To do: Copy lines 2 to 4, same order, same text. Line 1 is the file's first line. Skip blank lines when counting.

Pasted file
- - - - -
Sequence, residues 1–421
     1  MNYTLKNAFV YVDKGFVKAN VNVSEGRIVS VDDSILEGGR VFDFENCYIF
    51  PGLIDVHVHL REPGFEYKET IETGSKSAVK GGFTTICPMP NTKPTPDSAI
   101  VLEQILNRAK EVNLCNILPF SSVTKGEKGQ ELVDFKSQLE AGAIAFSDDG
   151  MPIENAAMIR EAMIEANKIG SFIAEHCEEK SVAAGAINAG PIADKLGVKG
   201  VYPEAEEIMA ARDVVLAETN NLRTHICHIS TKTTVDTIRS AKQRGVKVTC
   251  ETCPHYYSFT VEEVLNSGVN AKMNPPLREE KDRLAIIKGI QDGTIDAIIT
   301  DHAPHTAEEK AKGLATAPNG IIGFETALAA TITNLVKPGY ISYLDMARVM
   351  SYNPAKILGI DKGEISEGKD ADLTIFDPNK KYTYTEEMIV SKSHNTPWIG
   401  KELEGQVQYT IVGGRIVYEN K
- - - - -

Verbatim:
     1  MNYTLKNAFV YVDKGFVKAN VNVSEGRIVS VDDSILEGGR VFDFENCYIF
    51  PGLIDVHVHL REPGFEYKET IETGSKSAVK GGFTTICPMP NTKPTPDSAI
   101  VLEQILNRAK EVNLCNILPF SSVTKGEKGQ ELVDFKSQLE AGAIAFSDDG